Addiction is a phenomenon that children are bound to encounter in the world sooner or later. Ideally, we would all have the opportunity to talk to our children about it sooner. But when the time comes, it’s helpful to have a plan for your approach. That way you can feel more confident that you’ve conveyed your concerns as well as given them enough information to understand what they need to. When someone in the immediate family is dealing with addiction, it may present an opening for this conversation to occur before any misunderstandings take root. 

In this article, Maryland Addiction Recovery Center (MARC) presents some practical advice on talking to children about addiction. 

Helping Children Understand Addiction

The disease model of addiction is widely accepted in medical circles and it is the basis for nearly all conventional and holistic substance use disorder treatment today. It’s also a good place to start the addiction conversation with a child.

You might explain that addiction is an illness of the mind, much like depression or anxiety. Some people may have an addiction, while others do not. You should bear in mind the age appropriateness of the conversation of course, but even the youngest children can understand that sometimes people “get sick”. 

Age-Appropriate Conversations with Children About Addiction

Use your best judgment in how in depth to go with this–but children who are able should understand the concept that addiction is not the fault of the person who is sick. However, that person does have a responsibility to get help for themselves or accept it when it is offered. 

You might also explain that some people drink alcohol or use marijuana in places where it is medically allowable or legalized and that this does not necessarily mean they have an addiction. The key difference is this: Does the person keep drinking or using a substance, even though bad things happen to them or others because of it? That is one simple way to try to highlight the line where addiction begins. 

Key points to touch on include:

  • Addiction is an illness of the mind.
  • Addiction is when a person continues to use in spite of ‘bad things’ and struggles to stop. 
  • It is not a person’s fault they are addicted, but it is their responsibility to get/accept help.
  • We cannot know for sure who may become addicted, so staying sober is safest.  
  • Drugs/alcohol are dangerous in more ways than one (e.g. toxicity, overdose, health)

The Importance of Honesty in Talking About Addiction

We should always strive to be as honest as possible with children about anything we can. We all want to protect our children from harm. But sometimes trying to insulate them from the pain and difficulty that exists in the world is doing them a disservice. This is particularly true if they are witnessing someone who is experiencing addiction in their family or someone close to them. 

It is important for a child old enough to have a conversation with or understand what people are saying to get answers about addiction in this situation. We should also attempt to answer their questions as honestly as possible. More often than not, the best way we can protect our children is by arming them with the facts. If there are things about addiction or a person close to you who is addicted, that you aren’t comfortable sharing with a child–that’s okay and understandable. Just do your best not to tell them something that isn’t true.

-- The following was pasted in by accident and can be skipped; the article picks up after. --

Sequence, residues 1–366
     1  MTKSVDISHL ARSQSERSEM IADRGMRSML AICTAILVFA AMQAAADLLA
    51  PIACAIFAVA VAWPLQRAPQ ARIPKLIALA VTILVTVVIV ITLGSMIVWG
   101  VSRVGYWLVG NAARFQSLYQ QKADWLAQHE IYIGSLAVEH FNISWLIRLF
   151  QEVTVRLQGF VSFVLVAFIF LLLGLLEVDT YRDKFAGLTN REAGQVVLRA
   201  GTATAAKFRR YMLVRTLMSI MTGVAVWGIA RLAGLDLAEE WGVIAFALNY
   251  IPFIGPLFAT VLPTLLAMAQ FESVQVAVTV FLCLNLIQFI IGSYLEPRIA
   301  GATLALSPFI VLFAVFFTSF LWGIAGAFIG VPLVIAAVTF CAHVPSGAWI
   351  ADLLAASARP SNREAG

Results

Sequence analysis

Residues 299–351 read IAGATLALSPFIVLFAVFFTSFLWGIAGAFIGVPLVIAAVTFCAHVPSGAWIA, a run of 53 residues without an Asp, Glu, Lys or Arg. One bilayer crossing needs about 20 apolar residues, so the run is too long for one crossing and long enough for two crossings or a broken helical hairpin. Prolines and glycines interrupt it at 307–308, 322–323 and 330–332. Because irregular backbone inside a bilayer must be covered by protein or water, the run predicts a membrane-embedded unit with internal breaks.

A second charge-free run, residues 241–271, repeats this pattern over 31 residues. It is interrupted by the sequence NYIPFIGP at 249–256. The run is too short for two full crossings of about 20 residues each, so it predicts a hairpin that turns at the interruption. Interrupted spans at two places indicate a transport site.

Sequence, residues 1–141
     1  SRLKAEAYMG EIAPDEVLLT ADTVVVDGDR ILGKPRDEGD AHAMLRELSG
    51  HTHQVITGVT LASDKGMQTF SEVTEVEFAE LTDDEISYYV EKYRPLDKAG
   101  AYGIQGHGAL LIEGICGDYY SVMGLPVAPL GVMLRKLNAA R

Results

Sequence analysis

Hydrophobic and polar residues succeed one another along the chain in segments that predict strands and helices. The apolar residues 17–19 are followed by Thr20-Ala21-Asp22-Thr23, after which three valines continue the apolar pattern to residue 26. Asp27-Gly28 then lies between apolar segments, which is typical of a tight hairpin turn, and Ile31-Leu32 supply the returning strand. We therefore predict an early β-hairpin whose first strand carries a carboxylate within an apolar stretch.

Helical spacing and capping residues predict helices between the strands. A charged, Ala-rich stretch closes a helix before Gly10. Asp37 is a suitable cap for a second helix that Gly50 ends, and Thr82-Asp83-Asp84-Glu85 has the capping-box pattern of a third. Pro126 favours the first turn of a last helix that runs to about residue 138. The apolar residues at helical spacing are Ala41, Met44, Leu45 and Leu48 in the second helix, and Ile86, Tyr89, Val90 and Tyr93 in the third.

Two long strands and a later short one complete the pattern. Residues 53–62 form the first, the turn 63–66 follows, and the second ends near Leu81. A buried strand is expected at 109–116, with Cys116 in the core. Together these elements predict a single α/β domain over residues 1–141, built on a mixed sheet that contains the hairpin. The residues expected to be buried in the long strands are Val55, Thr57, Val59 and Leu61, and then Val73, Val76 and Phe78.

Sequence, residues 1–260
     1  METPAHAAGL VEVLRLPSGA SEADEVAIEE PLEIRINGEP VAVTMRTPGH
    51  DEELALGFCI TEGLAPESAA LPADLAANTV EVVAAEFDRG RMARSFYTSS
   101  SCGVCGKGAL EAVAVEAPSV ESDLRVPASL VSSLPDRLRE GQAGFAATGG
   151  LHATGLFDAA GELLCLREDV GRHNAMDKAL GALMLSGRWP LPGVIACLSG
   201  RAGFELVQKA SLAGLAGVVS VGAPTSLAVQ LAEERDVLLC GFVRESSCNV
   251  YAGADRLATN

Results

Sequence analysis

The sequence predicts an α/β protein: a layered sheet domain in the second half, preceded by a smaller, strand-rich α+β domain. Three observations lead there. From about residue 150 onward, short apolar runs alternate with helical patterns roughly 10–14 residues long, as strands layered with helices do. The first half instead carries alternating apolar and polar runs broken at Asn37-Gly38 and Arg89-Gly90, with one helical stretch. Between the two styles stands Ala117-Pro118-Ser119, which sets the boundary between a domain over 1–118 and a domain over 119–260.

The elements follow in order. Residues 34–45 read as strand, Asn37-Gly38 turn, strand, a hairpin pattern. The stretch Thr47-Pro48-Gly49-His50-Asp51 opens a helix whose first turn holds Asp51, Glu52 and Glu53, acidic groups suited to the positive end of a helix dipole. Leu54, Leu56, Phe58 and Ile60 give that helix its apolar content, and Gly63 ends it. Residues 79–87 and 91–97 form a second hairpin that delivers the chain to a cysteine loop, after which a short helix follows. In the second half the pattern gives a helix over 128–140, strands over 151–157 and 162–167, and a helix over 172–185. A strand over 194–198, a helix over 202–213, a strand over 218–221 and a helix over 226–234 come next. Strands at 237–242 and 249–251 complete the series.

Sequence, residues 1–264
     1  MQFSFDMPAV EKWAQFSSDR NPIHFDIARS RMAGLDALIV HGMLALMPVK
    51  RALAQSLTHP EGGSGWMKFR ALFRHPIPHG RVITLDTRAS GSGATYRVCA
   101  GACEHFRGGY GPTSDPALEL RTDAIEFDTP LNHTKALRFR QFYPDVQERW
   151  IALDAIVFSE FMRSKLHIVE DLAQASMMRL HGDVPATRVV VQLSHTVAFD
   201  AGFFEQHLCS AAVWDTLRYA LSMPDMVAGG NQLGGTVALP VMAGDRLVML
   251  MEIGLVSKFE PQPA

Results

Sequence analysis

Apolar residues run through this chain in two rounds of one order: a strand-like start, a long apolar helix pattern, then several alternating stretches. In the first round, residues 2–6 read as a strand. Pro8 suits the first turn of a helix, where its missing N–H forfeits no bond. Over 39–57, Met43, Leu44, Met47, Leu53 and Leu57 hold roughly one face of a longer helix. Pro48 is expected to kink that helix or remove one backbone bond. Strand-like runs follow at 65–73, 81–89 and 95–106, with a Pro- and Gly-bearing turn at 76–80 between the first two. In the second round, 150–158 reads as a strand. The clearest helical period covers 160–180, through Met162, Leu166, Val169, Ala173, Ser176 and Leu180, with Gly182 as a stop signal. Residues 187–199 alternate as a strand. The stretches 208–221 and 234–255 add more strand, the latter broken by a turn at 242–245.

Become A Safe Person to Talk To

Another reason to be open and honest with children about addiction is that you want them to feel comfortable coming to you with questions. Better they should feel comfortable approaching you to ask about drugs or addiction than to have a schoolmate or the Internet or TV be their sole source of information. Try to be a good listener as well as a good talker. Be a safe person to talk to. 

You also want a child to be comfortable with coming to you if they have experimented with drugs or believe they may have become addicted themselves. This is also another reason why avoiding blame and negativity is important when talking to kids about drugs and addiction. Again, you should emphasize that while addiction is no one’s fault, a person who is experiencing addiction is ultimately responsible for asking for help for themselves or accepting help when it is offered

Talking to Younger Children About Drugs

Discussing something as serious as addiction with children isn’t always easy. It can be especially challenging with younger children who may not be able to grasp the more complex concepts of addiction. In the case of younger children, telling a story or using an analogy is often an effective way to illustrate a point. It’s not essential that they understand every aspect of addiction of course. What matters is that they know enough to keep them safe and, ideally enough to allay fears they may have about addiction or someone who is addicted. Sometimes just a little understanding can go a long way. 

Evidence-Based Addiction Treatment in Baltimore

The mission of Maryland Addiction Recovery Center is to provide the latest in evidence-based clinical care for our patients and their families. Our Baltimore IOP for substance use disorders also includes specialized therapy and counseling options. We believe that individualized treatment plans substantially improve outcomes. 

Some of the addiction care options we offer include:

Maryland Addiction Recovery Center (MARC) is proud to be a part of the solution to addiction in Baltimore. In addition to our IOP care, we have a broad range of services for people with SUDs. These include Medication Assisted Treatment (MAT) for opioid use disorders and other conditions, sober living accommodations, and long-term extended care in our Community Living Treatment Program. 

If you or someone you love is challenged by a substance use disorder, MARC can help. Please give us a call today at (866) 929-2159